About: DIHYDROPYRIMIDINE DEHYDROGENASE; DPYD [omim:612779]   Goto Sponge  NotDistinct  Permalink

An Entity of Type : http://bio2rdf.org/omim_vocabulary:Gene, within Data Space : virtuoso:8890 associated with source document(s)

  • The DPYD gene encodes dihydropyrimidine dehydrogenase ({EC}), the initial and rate-limiting enzyme in the catabolism of the pyrimidine bases uracil and thymine ({10:Van Kuilenburg et al., 1999}).
  • omim:612779
Bio2RDF identifier
  • 612779
Bio2RDF namespace
  • omim
Bio2RDF uri
identifiers.org URI
alternative title ...lternative-title]
  • DPD
article [omim_vocabulary:article]
chromosome [omim_vocabulary:chromosome]
cloning [omim_vocabulary:cloning]
  • {19:Yokota et al. (1994)} cloned and sequenced pig and human DPD cDNAs. The pig and human enzymes contain 1,025 amino acids and have a calculated molecular mass of 111 kD. The sequence of the gene suggested that DPD has at least 3 distinct domains: a possible NADPH binding site and FAD-binding site in the N terminus, 2 motifs of putative iron/sulfur-binding sites near the C terminus, and a central peptide domain corresponding to the uracil-binding site. Expression of the pig enzyme in E. coli catalyzed the reduction of uracil, thymine, and 5-fluorouracil (5FU) with kinetics approximating those published for the enzyme purified from mammalian liver.
cytolocation [omim...ary:cytolocation]
  • 1p22
gene function [omi...ry:gene-function]
  • {9:Van Kuilenburg et al. (1999)} studied the expression of DPD in various blood cell components. They demonstrated that the highest level of DPD was found in monocytes followed by that in lymphocytes, granulocytes, and platelets, whereas no significant activity of DPD could be detected in erythrocytes. The activity of DPD in peripheral blood mononuclear cells was intermediate between that observed in monocytes and lymphocytes. {9:Van Kuilenburg et al. (1999)} also observed a profound positive correlation between the DPD activity of these cells and the percentage of monocytes, thus introducing a large inter- and intrapatient variability in the activity of DPD. By cDNA microarray, Western blot analysis, and luciferase reporter assay, {20:Yoo et al. (2009)} identified the transcription factor LSF (TFCP2; {189889}) as a positive regulator of DPYD.
gene name [omim_vocabulary:gene-name]
  • Dihydropyrimidine dehydrogenase
gene structure [om...y:gene-structure]
  • {17:Wei et al. (1998)} characterized the structure of the DPYD gene and determined that it contains 23 exons spanning about 950 kb.
gene symbol [omim_...lary:gene-symbol]
mapping [omim_vocabulary:mapping]
  • Using somatic cell hybrid strategies, {19:Yokota et al. (1994)} mapped the DPYD gene to the centromeric region of chromosome 1 between 1p22 and 1q21. By fluorescence in situ hybridization, {6:Takai et al. (1994)} assigned the DPYD gene to 1p22.
mapping method [om...y:mapping-method]
molecular genetics...lecular-genetics]
  • In a Dutch patient with dihydropyrimidine dehydrogenase deficiency ({274270}) reported by {7:Van Gennip et al. (1994)}, {4:Meinsma et al. (1995)} identified homozygosity for a mutation in the DPYD gene (IVS14+1G-A; {612779.0001}). Both unaffected parents and 1 unaffected sib were heterozygous for the mutation. {18:Wei et al. (1996)} identified heterozygosity for the IVS14+1G-A mutation in a British cancer patient with partial DPD deficiency and severe toxicity after 5-fluorouracil treatment (see {274270}). {13:Vreken et al. (1997)} identified a 4-bp deletion in the DPYD gene ({612779.0003}) in affected members of a Dutch consanguineous family with DPD deficiency. Among a group of 22 patients from 17 families with complete DPD deficiency, {10:Van Kuilenburg et al. (1999)} identified 7 different mutations in the DPYD gene. The most common mutation by far, accounting for 52% of mutant alleles, was the IVS14+1G-A. There were no genotype/phenotype correlations. {8:Van Kuilenburg et al. (2009)} identified intragenic deletions of the DPYD gene in 4 patients with severe DPD deficiency in whom no point mutations were found. Three patients had a homozygous 13.8-kb deletion of exon 12, and 1 had a homozygous 122-kb deletion of exons 14 through 16 of the DPYD gene. All of these patients were born of consanguineous parents. A fifth patient was compound heterozygous for a 4-bp deletion ({612779.0003}) in the DPYD gene and a de novo 14-Mb deletion of chromosome 1p21.3-p13.3, including DPYD and several other genes, which likely contributed to severe psychomotor retardation and unusual craniofacial features in this patient. Overall, the study found genomic deletions affecting the DPYD gene in 7% (5 of 72) of DPD-deficient patients. These patients had a severe form of the disorder, with psychomotor retardation, epilepsy, hypotonia, and dysmorphic features, suggesting that gross deletions have a particularly detrimental effect.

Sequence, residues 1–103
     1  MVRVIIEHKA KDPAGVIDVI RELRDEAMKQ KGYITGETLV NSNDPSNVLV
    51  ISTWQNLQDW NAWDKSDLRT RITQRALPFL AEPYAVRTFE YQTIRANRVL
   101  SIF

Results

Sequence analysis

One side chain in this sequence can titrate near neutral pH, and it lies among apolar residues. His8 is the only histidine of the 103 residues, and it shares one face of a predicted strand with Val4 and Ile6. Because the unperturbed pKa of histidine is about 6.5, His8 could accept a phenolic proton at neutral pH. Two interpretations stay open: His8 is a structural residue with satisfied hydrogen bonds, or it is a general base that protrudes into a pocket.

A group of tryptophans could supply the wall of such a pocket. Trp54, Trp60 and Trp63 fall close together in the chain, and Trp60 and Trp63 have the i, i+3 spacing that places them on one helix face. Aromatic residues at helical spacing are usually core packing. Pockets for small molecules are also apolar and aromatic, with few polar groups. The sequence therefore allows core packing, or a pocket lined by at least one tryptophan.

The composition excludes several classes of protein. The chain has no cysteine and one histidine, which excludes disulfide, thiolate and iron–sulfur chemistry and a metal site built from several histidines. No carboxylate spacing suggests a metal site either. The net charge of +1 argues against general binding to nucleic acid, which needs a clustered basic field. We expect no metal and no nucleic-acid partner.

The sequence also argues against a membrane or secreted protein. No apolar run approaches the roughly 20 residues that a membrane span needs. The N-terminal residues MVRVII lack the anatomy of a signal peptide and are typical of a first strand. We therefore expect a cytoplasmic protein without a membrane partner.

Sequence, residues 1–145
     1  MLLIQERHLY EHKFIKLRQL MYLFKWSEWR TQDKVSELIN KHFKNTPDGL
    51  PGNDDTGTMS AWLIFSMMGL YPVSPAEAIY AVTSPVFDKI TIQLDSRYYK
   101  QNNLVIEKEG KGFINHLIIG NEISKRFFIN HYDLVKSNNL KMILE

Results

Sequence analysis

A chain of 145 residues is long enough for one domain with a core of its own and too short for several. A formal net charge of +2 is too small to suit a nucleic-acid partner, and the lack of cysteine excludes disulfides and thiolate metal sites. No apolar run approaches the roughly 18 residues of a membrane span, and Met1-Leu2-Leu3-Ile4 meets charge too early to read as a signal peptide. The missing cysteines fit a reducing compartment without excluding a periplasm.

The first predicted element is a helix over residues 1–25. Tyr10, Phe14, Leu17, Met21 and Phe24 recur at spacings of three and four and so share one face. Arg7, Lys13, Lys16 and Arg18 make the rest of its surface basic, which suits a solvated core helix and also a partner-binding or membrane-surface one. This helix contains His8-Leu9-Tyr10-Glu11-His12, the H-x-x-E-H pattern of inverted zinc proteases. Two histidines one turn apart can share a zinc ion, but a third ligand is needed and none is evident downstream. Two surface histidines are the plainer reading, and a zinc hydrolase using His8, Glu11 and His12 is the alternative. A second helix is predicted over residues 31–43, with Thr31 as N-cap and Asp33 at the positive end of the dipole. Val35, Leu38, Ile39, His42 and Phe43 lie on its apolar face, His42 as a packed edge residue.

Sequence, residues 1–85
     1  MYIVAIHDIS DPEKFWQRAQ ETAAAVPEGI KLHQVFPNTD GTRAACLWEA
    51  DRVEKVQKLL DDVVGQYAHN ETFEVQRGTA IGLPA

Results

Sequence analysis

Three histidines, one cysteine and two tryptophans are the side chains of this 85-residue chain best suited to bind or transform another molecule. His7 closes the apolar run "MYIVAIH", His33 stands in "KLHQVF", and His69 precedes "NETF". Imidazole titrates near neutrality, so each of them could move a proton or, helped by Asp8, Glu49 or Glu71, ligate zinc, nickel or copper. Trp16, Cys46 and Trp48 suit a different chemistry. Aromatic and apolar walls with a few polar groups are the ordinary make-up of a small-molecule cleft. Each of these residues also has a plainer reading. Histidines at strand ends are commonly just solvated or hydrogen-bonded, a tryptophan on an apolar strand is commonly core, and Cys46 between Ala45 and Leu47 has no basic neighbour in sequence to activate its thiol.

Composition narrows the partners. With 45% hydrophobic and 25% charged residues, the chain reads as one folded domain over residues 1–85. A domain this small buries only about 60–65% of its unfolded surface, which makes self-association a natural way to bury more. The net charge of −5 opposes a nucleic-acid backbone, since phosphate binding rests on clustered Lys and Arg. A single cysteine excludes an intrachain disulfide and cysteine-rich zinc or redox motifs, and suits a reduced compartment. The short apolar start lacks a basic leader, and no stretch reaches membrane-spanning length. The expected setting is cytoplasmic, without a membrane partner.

mouse gene symbol ...ouse-gene-symbol]
nomenclature [omim...ary:nomenclature]
  • To standardize DPYD allele nomenclature and to conform with the international human gene nomenclature guidelines, {3:McLeod et al. (1998)} described an alternative to the existing arbitrary system. Based on recommendations for human genome nomenclature, they proposed that each distinct allele be designed by DPYD followed by an asterisk and an arabic numeral. Criteria for classification as a distinct allele were also presented.
preferred title [o...:preferred-title]
refers to [omim_vocabulary:refers-to]
variant [omim_vocabulary:variant]
x ensembl [omim_vocabulary:x-ensembl]
x flybase [omim_vocabulary:x-flybase]
x gi [omim_vocabulary:x-gi]
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